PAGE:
He backed away from the idea on Monday, with senior cabinet sources saying the plan had been killed off by Rishi Sunak, the chancellor, and Grant Shapps, the transport secretary, for fear it would leave holidaymakers in limbo. Another government source said the prime minister had never been in favour, but it had been put forward within Whitehall at a “Covid O” meeting last week over fears that a new variant could be carried back with travellers from Spain, Italy or Greece over the summer.

“The watchlist could have warned people that the country they were going to [might] turn red and given them the full information, but the backlash is so big that we have lost that position. There’s not a chance it will go ahead now,” one Whitehall source

New Zealand on Friday suspended its quarantine-free travel bubble with Australia for at least eight weeks due to a growing COVID-19 cluster in Sydney.

New Zealand recently imposed quarantine restrictions on travelers from New South Wales, Victoria and South Australia states, where lockdowns have been introduced to contain delta variant clusters.

Prime Minister Jacinda Ardern said quarantine-free travel would be suspended from anywhere in Australia from 11:59 p.m. New Zealand time.

New Zealand suspended travel with Australia for at least eight weeks after New South Wales, Australia, reported 136 new infections in Sydney within a 24-hour period

New Zealand suspended travel with Australia for at least eight weeks after New South Wales, Australia, reported 136 new infections in Sydney within a 24-hour period
(iStock)

NEW ZEALAND TO DELAY ELECTION UNTIL OCTOBER, CITING CORONAVIRUS RESURGENCE

Ardern said she hoped to have all New Zealanders who wanted to return flown home from Australia with managed flights within a week.

The travel bubble has existed since April and has provided both countries with their only quarantine-free international flights.

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Both Australia and New Zealand have been among the most successful in the world in containing coronavirus outbreaks. But Sydney is failing to contain a cluster of the highly contagious delta variant, which has spread across the country.

On Friday, New South Wales state declared an emergency over the Sydney outbreak. Authorities reported one fatality and 136 new infections in the latest 24-hour period, the biggest daily jump since the outbreak began in mid-June.

Yehyun Kim :: ctmirror.org

Corey Gile, a cook with The Whaler’s Inn, makes a drink wearing a mask on Thursday, Aug. 13.

Connecticut has known for months the coronavirus hit its hospitality industry harder than those in most other states.

Now it’s learned things are worse than many thought.

According to revised projections from the American Hotel & Lodging Association, Connecticut will have regained — by year’s end — slightly less than 72% of the 26,225 direct hotel industry jobs it lost during the pandemic.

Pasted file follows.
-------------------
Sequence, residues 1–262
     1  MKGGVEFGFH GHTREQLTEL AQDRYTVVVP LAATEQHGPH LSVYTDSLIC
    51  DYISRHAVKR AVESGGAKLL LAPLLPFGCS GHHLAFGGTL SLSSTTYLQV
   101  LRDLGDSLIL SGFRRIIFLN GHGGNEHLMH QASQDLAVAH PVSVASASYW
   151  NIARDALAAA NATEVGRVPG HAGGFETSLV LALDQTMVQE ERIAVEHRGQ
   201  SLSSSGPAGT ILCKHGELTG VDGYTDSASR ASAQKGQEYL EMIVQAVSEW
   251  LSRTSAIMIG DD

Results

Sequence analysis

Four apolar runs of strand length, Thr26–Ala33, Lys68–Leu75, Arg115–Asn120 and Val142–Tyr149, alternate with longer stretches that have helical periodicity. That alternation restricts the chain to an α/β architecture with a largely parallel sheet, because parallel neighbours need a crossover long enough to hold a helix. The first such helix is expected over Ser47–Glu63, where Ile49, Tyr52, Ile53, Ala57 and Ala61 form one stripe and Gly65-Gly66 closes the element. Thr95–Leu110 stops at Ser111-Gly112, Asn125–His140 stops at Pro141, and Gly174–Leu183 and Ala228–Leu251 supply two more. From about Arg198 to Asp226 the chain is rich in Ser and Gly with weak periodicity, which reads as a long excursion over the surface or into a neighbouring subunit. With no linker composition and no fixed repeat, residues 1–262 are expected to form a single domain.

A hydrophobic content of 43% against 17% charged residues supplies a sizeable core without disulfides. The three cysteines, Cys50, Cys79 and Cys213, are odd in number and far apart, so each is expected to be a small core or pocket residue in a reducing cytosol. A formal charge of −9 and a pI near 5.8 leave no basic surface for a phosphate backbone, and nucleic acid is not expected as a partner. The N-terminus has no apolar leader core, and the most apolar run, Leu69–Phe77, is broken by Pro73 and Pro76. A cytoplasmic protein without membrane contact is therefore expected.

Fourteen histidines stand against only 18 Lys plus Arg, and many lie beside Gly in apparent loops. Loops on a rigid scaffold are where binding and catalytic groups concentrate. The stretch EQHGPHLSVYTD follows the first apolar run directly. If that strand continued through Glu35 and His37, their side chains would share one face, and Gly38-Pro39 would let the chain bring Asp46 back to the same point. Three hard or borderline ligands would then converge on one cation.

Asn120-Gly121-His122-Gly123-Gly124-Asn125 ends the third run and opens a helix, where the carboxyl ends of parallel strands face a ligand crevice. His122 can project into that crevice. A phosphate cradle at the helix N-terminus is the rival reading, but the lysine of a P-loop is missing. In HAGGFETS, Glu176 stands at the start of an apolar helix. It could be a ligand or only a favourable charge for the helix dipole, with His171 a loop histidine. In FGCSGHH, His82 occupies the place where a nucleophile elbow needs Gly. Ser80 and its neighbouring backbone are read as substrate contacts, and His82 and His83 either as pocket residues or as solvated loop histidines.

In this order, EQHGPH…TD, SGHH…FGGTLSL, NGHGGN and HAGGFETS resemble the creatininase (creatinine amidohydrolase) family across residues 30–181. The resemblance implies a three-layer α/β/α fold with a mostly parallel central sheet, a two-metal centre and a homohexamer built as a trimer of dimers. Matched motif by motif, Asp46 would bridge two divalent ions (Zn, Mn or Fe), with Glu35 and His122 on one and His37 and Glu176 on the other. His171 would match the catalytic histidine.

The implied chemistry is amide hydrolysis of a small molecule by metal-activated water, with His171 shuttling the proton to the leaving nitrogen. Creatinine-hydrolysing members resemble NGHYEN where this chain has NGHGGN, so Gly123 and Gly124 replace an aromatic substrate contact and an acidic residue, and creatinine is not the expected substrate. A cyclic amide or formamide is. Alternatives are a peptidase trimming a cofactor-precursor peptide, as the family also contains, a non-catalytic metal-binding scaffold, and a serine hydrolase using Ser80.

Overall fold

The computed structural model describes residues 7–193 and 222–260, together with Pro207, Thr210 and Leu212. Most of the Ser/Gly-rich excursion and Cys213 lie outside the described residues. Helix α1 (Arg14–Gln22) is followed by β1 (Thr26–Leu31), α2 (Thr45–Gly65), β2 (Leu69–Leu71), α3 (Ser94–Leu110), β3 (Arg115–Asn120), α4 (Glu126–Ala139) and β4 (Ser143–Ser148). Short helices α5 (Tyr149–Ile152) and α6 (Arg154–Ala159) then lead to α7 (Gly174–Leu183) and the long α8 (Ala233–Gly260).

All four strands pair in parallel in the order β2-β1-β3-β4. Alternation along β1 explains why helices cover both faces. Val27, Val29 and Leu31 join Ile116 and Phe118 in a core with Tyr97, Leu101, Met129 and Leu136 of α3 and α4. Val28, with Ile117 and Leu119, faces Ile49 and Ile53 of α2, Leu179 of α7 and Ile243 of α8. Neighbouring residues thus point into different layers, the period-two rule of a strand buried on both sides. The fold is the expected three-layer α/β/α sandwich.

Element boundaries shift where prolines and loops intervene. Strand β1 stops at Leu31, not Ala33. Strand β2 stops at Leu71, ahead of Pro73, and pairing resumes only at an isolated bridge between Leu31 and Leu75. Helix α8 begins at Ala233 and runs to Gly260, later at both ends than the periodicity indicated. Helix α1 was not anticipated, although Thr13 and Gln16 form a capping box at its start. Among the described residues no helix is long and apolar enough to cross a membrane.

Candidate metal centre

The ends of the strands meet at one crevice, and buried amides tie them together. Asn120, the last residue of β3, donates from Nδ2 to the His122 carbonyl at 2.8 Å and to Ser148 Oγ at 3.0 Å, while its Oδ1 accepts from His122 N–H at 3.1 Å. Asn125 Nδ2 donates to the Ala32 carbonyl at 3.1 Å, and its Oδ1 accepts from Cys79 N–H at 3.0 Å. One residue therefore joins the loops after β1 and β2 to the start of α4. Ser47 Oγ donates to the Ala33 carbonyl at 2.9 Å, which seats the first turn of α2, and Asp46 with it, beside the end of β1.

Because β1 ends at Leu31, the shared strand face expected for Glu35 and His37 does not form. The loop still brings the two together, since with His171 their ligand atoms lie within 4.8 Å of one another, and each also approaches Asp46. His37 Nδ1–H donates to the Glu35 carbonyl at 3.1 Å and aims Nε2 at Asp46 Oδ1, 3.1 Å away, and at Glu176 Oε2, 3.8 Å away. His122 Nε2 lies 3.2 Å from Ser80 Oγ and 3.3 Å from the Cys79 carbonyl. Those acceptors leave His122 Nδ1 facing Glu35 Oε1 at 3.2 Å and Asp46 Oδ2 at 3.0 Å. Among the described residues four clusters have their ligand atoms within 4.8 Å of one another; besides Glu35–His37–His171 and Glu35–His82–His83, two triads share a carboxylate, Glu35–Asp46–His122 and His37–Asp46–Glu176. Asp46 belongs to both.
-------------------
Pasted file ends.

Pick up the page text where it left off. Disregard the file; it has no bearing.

Those 7,400 unfilled jobs is significantly worse than the 5,900-position-gap the AHLA forecast for Connecticut back in May.

“The pandemic has been devastating to the hospitality industry workforce, wiping out 10 years of hotel job growth,” the association wrote, adding that the hotels and other lodgings are expected to end 2021 down 500,000 jobs compared with 2019 employment levels.

Direct hotel jobs, such as housekeeper and front desk attendants, do not include workers from restaurants, retail operations, tourist attractions and other small businesses supported by the lodging industry.

Only four states — Hawaii, Illinois, Massachusetts and New York — along with the District of Columbia, are projected to have regained a smaller percentage of direct hotel jobs than Connecticut will have by year’s end.

“We are still facing incredible challenges,” said Ginny Kozlowski, executive director of the Connecticut Hotel and Lodging Association.

Perhaps the biggest, she said, is regaining the full contingent of business travelers who comprised 60% of the customer base at Connecticut hotels, motels and bed and breakfast operations before the pandemic.

Vacation and other leisure-related travel has recovered well this summer, though there still some work to do, Kozlowski said. But business-related travel has lagged considerably. 

For example, are many companies going to permanently limit their conventions, retreats and planning meetings?

Will salespeople who normally visit their customers four or five times a year now do it just once — and stay in touch the rest of the time via online conferencing?

“That’s where we’re not sure,” Kozlowski said.

Another unknown pressing the industry is the coronavirus itself.

Kozlowski praised Gov. Ned Lamont’s administration for Connecticut’s strong effort to promote vaccinations. As of Monday, 71% of residents age 12 and older were fully vaccinated.

And she noted the governor and legislature have been supportive in other ways.

Between the new, two-year state budget and federal coronavirus relief funding, Connecticut officials have dedicated more than $60 million in new resources that will assist tourism promotion and the hospitality sector.

David Lehman, Lamont’s economic development commissioner, said a portion of those resources also will support a new grant program to assist hospitality and related businesses. That program likely will be unveiled early in 2022, he said.

And none of that assistance includes another $150 million the state deposited directly into the unemployment trust fund. The state has borrowed more than $700 million to keep the fund afloat, and the debt is expected to approach or top $1 billion by year’s end. Businesses normally are

Panel attempts to dispel Covid disinformation. Video / RT